Think Best Projects entries need to be mega-projects in order to succeed? Not so!
As you may have heard, we’ve extended the deadline one final time to August 15th for the Southwest and even later for some regions (see bottom of this blog for specifics). We know that it takes time to prepare quality entries and that your marketing staffs may be stretched thin. But if you are on the fence about submitting one of your modest-sized projects, consider this: Last year in the three state competitions within the Southwest, 19 of the 65 awards went to projects costing under $10 million, and nearly half of all winners were under $20 million. Two of the projects even came in at under $1 million: the $477,000 Canyon Rim Trail Bridge in Los Alamos, N.M. and the $600,000 Maricopa County Security Building Re-Roof in Phoenix.
The Best Projects 2011 judges–industry experts from the contracting, architectural, engineering and subcontracting fields–examine universal factors in determining which projects deserve recognition. Teamwork, workmanship, quality of design, positive impact to the community are just a few examples. None of these characteristics are reliant upon project size or scope, but it’s important that each submitter addresses these criteria in the entry form. Judges will always admire safety and on-time/on-budget (or better) delivery, regardless of how big or small it is.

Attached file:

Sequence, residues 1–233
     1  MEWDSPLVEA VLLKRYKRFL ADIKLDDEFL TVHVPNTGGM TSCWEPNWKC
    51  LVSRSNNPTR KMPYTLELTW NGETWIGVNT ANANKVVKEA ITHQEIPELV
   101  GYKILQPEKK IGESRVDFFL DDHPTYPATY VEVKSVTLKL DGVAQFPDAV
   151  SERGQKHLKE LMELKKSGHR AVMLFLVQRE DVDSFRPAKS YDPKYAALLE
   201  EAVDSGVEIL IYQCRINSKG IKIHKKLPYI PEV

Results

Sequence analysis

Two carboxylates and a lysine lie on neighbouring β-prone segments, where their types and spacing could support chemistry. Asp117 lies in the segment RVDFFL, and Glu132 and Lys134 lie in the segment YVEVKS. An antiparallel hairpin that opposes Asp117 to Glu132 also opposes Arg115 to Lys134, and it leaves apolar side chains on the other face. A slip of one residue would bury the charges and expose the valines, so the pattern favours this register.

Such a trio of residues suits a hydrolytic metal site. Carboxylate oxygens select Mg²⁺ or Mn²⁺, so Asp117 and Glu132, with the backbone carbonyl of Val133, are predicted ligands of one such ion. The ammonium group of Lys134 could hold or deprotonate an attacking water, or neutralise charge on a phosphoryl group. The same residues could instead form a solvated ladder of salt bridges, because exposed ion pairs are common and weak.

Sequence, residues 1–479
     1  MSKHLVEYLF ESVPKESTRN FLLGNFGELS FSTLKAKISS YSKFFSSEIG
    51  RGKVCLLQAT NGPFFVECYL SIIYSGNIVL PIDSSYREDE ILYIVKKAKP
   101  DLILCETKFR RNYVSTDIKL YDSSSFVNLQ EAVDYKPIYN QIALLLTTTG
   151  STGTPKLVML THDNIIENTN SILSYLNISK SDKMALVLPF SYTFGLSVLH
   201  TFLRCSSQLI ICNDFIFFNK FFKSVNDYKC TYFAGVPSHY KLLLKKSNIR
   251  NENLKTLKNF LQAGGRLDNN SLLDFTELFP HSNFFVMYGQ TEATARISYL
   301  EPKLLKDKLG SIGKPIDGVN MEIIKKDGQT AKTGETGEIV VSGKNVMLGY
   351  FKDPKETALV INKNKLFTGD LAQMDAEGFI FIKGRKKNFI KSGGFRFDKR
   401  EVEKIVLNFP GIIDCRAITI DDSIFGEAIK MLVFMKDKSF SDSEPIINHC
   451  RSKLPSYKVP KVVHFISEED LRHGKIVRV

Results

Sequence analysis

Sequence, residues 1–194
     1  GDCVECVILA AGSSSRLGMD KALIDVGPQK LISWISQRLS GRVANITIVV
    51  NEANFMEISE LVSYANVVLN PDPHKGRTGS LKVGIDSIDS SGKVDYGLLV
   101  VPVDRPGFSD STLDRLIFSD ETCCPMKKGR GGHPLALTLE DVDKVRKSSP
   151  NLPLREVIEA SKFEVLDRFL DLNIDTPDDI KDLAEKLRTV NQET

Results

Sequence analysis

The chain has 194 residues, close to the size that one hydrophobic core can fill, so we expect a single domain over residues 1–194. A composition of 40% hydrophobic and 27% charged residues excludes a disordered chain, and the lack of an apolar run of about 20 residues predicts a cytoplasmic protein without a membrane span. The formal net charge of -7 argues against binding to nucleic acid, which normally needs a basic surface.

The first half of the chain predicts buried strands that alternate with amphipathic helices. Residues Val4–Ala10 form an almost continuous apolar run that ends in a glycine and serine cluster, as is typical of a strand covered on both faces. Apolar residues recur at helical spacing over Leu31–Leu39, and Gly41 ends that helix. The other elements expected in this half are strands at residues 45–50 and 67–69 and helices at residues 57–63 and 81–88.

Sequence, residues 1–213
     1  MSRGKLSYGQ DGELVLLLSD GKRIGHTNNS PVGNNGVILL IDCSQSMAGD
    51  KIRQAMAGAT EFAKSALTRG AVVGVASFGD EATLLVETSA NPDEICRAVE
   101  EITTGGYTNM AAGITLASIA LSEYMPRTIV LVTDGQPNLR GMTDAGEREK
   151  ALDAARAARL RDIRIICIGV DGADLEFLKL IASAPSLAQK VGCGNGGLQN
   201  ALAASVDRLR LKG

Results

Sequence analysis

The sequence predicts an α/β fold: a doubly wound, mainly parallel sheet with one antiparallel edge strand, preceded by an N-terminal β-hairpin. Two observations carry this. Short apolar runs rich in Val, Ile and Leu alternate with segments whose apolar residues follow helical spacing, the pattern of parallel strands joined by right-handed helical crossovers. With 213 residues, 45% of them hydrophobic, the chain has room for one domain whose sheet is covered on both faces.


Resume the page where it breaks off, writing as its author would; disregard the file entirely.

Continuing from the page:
And smaller projects don’t just succeed regionally – they also move on to win top honors in ENR’s national Best of the Best Projects competition. At just $3.1 million, the diminutive Saint Bartholomew’s Chapel on the Rincon Indian Reservation in California wowed judges in the Worship category with excellent safety and teamwork, innovative design and lofty sustainability goals. Or look at the LEED-Platinum Architectural Nexus Design Center, winner of best Interior Design by packing in a 22,000-sq-ft remodel and 4,000-sq-ft addition built under a very aggressive timeline for just $3 million.
Even the Schuff Perini Climber, a small museum exhibit, rose to the top and received some of the highest scores from our panel of national industry experts last year. This $1.5-million project embodied the spirit of teamwork by bringing together dozens of construction firms to donate their time and unique materials in order to provide a magical and artistic creation for children and adults to climb and interact with at the Phoenix Children’s Museum.
So take advantage of the extension and submit your best projects, big or small. You never know what might happen.
To get started on your Best Projects 2011 entry, click here. The final deadline extension (really) is August 15th for projects located in the regions covered by ENR Southwest, Mountain States, New York and Southeast, and September 1st for ENR Midwest, California and Texas & Louisiana. Projects in all 50 states are eligible – visit the entry website to see which region your state falls in.
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